Are your thoughts working for or against you?

My own experience has confirmed for me that attitude is everything.  Allow me to illustrate….

Facts Old Thought Responses New/Current Thought Responses
I have Rheumatoid Arthritis
  • Why me?
  • This isn’t fair
  • I can’t
  • I’ll never be able to….
  • This sucks
  • This will never pass
  • If only I had….
  • No one understands
  • Why bother?


  • Even if I don’t know it yet, there is a reason for everything. 
  • Adversity is an opportunity for increased wisdom and strength.
  • I can and I will, at my own pace
  • Change is the only sure thing in life
  • I can only control my own thoughts and actions. 
  • I am forgiven

 We are all given injustices, adversities, and hardships to deal with in life.  No one is immune.  It is how we choose to think about our situation that will either help or hinder us. 

When I focused on the injustice of my disease, I could not see any further than my own self pity.  My mind was shut to the possibility of there being reason and purpose behind my condition. And, make no mistake, there IS a reason AND a purpose behind it.  That’s true for all of us.  There is at least one major life lesson to be drawn from this.  Are you able to see your reason and purpose? 

As long as I felt like a victim, I was.  I allowed the disease to consume me, to define me.  As a result, I was sick all the time no matter what I ate or did to try and improve the situation. By believing myself cursed and victimized, I became a cursed victim.   The pain and disability validated my thinking, and the vicious circle ensued.   Let me not forget all the well-meaning people and institutions that fed into it as well.  We are naturally drawn to those people and institutions that validate our thoughts most.  They are like mirrors.  Do you like what you see?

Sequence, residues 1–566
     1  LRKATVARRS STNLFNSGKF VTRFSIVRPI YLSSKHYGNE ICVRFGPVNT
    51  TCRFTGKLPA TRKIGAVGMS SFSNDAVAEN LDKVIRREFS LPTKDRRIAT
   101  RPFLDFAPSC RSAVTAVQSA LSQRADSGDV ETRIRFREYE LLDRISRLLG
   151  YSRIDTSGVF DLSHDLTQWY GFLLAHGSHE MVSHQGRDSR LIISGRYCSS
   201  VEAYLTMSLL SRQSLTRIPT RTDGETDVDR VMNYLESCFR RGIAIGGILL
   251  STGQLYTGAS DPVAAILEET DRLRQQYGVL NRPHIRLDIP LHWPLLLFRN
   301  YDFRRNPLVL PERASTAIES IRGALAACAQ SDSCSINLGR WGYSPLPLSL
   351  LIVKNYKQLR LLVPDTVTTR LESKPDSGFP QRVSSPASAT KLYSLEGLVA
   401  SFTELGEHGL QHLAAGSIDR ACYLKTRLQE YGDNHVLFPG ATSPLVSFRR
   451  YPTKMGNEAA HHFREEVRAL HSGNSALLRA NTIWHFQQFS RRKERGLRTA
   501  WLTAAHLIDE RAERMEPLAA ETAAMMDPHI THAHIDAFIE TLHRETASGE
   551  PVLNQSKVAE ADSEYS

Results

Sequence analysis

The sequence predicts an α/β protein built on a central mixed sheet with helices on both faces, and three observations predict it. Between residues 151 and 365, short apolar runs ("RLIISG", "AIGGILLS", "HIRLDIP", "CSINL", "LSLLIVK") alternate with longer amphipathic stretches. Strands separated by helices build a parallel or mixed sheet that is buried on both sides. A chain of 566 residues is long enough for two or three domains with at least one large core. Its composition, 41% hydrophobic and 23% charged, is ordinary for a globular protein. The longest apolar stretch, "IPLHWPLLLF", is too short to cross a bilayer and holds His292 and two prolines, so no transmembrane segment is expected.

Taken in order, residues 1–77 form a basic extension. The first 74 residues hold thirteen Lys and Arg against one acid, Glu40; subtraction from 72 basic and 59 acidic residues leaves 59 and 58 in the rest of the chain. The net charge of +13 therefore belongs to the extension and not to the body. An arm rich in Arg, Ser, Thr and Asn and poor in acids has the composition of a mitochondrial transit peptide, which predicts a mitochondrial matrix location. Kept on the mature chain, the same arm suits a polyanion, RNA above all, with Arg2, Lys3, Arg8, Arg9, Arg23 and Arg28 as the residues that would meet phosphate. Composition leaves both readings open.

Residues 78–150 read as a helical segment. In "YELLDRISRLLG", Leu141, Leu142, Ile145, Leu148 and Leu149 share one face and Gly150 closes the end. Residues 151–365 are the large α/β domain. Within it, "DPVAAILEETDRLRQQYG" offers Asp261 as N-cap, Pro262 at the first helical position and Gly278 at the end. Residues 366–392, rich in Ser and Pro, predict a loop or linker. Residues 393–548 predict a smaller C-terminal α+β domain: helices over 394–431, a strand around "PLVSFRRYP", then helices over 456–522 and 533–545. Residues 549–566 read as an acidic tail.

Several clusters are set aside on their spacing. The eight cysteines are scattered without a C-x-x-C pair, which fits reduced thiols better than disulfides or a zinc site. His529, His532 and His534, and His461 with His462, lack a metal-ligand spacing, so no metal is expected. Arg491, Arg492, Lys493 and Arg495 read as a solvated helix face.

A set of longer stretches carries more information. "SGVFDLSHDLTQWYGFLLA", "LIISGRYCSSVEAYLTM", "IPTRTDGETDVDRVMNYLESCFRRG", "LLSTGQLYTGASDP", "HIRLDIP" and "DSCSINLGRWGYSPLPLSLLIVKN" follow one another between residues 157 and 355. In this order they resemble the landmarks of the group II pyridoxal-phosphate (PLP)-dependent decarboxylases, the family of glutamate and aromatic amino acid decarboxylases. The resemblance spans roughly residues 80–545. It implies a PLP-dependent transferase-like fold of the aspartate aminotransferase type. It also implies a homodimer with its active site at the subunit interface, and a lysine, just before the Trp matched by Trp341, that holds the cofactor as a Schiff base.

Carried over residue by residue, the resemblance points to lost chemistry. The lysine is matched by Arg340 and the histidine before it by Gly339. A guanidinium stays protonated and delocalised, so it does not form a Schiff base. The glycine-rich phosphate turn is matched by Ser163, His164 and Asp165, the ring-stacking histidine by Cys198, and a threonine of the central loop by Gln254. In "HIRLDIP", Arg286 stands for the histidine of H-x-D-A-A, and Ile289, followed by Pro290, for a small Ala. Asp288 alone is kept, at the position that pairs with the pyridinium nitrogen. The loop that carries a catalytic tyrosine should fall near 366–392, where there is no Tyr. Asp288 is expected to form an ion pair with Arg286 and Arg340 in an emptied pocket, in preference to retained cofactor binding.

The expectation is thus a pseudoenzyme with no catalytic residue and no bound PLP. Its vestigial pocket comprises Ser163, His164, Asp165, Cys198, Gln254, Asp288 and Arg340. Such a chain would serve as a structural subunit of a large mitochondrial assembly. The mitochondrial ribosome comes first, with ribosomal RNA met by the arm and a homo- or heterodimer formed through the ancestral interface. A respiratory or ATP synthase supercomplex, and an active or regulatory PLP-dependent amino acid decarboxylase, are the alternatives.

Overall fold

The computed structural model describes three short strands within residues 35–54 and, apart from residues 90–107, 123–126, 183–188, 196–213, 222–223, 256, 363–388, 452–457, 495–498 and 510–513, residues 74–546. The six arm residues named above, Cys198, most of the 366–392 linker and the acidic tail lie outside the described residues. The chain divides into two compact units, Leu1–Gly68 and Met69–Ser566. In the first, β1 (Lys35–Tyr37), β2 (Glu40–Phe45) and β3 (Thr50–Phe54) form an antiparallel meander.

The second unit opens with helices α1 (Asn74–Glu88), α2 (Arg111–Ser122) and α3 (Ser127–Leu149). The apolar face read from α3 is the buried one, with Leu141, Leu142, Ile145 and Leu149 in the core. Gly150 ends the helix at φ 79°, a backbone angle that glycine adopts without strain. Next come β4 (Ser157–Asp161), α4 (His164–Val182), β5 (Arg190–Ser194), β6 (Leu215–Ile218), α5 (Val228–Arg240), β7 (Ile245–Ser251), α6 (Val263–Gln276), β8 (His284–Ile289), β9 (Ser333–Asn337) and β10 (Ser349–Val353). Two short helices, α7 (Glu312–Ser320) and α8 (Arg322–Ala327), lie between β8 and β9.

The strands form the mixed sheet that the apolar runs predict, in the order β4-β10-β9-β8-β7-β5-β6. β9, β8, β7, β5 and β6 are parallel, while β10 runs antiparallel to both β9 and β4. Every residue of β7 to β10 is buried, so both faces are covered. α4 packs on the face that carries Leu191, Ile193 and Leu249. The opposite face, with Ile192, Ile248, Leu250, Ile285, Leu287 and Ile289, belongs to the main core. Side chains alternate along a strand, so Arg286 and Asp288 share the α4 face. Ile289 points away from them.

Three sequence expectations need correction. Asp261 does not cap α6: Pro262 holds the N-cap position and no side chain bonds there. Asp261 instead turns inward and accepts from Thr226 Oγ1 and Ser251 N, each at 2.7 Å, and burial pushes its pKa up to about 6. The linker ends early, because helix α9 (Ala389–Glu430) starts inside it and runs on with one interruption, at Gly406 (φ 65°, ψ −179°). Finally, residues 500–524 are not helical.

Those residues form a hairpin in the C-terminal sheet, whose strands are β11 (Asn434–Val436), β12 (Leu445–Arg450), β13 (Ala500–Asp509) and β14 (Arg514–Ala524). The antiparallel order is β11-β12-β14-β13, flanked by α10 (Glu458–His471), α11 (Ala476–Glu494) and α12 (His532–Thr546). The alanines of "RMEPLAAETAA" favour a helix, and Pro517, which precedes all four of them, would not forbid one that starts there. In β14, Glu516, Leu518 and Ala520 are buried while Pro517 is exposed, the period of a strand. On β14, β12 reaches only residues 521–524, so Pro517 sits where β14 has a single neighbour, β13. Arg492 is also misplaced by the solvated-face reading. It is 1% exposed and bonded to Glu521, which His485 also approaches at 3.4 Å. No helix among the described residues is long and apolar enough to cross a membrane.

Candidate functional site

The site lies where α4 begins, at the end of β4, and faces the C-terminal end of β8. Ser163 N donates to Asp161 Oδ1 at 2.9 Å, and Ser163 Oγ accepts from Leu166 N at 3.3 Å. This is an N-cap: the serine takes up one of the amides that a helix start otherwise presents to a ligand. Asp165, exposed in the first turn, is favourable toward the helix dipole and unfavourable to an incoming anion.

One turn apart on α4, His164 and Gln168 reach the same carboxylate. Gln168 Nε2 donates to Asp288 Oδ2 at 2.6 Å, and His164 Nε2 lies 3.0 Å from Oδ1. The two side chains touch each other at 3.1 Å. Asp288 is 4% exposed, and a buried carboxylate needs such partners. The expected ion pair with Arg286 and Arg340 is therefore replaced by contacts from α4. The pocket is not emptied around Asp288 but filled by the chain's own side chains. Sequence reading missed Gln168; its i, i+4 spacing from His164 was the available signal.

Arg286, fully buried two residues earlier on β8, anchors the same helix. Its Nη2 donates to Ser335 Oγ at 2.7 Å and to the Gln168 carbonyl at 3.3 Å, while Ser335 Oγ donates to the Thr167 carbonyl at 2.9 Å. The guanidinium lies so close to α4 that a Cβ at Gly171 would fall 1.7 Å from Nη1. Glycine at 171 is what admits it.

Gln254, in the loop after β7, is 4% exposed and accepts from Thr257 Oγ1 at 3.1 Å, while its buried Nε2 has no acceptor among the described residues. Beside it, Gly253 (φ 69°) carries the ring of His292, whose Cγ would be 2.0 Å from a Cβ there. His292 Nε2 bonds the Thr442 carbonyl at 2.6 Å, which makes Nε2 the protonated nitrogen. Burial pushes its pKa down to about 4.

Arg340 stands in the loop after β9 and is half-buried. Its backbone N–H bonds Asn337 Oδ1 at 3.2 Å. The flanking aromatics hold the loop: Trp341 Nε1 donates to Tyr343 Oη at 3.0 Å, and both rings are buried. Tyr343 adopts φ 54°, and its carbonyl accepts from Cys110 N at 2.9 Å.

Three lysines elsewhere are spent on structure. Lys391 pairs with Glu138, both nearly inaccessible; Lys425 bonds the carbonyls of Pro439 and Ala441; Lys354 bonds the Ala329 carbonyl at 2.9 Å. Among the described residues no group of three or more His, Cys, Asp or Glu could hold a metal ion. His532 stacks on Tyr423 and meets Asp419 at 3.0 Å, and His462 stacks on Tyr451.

When Enough is Enough

I like to think that there is a point we all reach when it all gets to be too much.  The pain is too much.  The side effects are too much.  The number of days lost to RA are too much.  We hit our limit and are desperate for change.  Yeah, I like to THINK everyone hits that pointthat, but I am learning , that this doesn’t happen for everyone.  My thoughts shape only my own reality, not the reality of others.  So, I can accept that we all have our own lives to live; our own paths to travel.  But for those of us who do or have reached that point of no return, how have our thoughts influenced the changes that we have or are about to make?  If you don’t think change or improvement is possible, why do you believe this?  What is keeping you from healing? 

There is always hope, always more than one way to skin a cat, if we choose to see the options before us.  Like Neo “saw” the Matrix, you must see the options you have. 

When you think you can’t, you are right.  You can’t.

When you think you will be sick forever.  You are right.  Your body will make sure to comply with every thought.

On the other hand, when you believe you can.  You will.  It may not be a fast process, and there may be set-backs, but that is ok.  The important thing is that you believe you can do it.  We cannot allow our culture to rush us along at a pace not of our own….

A Superhero’s Lament